Vince

I don’t have the measurements of 1SFG’s bullet but it appears to be two diameter. The “line” would be where it changes diameters. As I said, this type of bullet was very common in the 22 Hi Power.

Using 22RF cases to make 22 bullet jackets was not a scheme or fad. During WWII they were about the only jackets that varmint shooters could find or buy. Several businesses got their start by making and selling them. RCBS and Speer for example. I have a pretty good collection of those bullets.

I cannot say that I’ve ever heard of making hi-velocity bullet jackets from aluminum coke or beer cans. I doubt if they would have held up under acceleration and would have fouled the bore.

Ray


#12

Some info I had on file from Bill Woodin: "odd bullet is typical of those made by Modern Gun Shop in CA. An Ad in Rifleman AUG 52 calls it MGS Bullet Co, Hollydale CA. The bullet is seated deep into the case. There is a slight line around the neck and above the shoulder, at that .030 depth. So Total Bullet length is 1.032//


#13

[quote=“RayMeketa”]Vince

I don’t have the measurements of 1SFG’s bullet but it appears to be two diameter. The “line” would be where it changes diameters. As I said, this type of bullet was very common in the 22 Hi Power.

Using 22RF cases to make 22 bullet jackets was not a scheme or fad. During WWII they were about the only jackets that varmint shooters could find or buy. Several businesses got their start by making and selling them. RCBS and Speer for example. I have a pretty good collection of those bullets.

I cannot say that I’ve ever heard of making hi-velocity bullet jackets from aluminum coke or beer cans. I doubt if they would have held up under acceleration and would have fouled the bore.

Ray[/quote]

Corbin on their website still list the .22 Rf jackets under “free .22 bullets”. To be fair the making of jackets from beer cans was in my memory limited to pistol bullets but it was one of those ideas that dropped from sight a couple of decades ago which suggests to me that like so many good ideas before it it never came to anything.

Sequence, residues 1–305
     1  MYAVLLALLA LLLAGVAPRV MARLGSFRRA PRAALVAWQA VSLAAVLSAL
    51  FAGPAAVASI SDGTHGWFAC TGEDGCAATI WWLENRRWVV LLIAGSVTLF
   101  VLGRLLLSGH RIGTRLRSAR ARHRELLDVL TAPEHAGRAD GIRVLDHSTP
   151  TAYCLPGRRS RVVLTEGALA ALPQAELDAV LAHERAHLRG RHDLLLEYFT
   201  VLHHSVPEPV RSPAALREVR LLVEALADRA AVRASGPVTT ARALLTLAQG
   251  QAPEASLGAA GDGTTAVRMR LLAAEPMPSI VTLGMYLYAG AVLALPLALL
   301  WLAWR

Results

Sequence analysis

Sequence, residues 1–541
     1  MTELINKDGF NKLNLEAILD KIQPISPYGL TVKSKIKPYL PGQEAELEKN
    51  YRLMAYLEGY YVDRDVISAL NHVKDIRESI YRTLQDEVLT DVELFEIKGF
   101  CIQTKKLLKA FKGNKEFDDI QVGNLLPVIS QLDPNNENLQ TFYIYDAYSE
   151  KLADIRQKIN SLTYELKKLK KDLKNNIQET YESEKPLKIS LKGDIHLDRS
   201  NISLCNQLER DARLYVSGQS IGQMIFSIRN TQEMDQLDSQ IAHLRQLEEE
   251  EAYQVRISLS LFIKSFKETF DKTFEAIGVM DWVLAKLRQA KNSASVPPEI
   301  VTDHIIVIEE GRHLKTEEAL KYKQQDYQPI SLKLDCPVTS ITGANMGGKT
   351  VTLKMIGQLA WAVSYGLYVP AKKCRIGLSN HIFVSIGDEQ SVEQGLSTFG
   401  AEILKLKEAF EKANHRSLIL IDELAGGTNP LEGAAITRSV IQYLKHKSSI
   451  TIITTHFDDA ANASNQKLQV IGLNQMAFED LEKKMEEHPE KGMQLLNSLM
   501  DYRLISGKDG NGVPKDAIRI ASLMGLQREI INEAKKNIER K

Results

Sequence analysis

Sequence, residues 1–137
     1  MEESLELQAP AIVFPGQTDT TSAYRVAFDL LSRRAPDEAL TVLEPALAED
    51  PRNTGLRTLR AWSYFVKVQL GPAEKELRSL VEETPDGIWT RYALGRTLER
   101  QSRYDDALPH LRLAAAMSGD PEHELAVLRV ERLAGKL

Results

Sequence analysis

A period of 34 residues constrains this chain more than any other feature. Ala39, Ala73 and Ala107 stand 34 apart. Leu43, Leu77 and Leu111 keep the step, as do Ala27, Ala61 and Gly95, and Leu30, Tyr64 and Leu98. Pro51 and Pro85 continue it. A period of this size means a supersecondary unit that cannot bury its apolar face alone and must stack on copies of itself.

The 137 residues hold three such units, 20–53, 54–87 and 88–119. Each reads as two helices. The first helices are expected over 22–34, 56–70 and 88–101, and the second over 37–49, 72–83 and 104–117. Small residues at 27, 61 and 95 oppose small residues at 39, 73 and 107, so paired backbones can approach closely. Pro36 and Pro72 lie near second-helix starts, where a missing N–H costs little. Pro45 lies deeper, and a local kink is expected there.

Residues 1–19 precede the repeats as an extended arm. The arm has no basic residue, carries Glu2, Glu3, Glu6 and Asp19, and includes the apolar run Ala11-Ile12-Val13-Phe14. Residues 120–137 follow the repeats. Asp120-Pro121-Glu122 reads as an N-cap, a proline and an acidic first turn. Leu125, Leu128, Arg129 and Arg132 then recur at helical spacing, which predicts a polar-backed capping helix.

This bullet, whatever the jacket material turns out to be. I still maintain has all the hallmarks of a garage/ backstreet swaging operation by some enterprising soul in CA that never made it into the big time and has now disappeared back into the mists of cartridge history. The unsophisticated design nails it for me.


#14

Aha! Modern Gun Shop. MGS was one of those post war business that cashed in on the dearth of bullets in the late 40s and 1950s. They made custom bullets using copper tubing for the jackets, much like Fred Barnes did. Their calibers ranged from 22 all the way up to .375.

Vince - Did the guys who made bullet jackets from beer cans drink the beer first? that would explain a lot.

Ray


#15

Probably, such devotion to the cause is commendable. By the time you bought the beer and drank it it was no cheaper than buying proper jackets in the first place. Plus the cost of all the band aids cutting open the cans. What would you get? ten jackets from a can if you were lucky. You would end up in rehab before you got a good day at the range.


#16

OK all so should I keep this weird one or trash it as a “bad idea”??


#17

1SFG

It’s collectable, IMHO. Not winning the lottery but worth a couple of bucks to those who would collect cartridges from that era of innovation when shooters would do whatever was necessary to keep their rifles going.

Ray


#18

Thanks Ray … I have a lot of “stuff” and not enough knowledge about collecting! But I’m learning!!!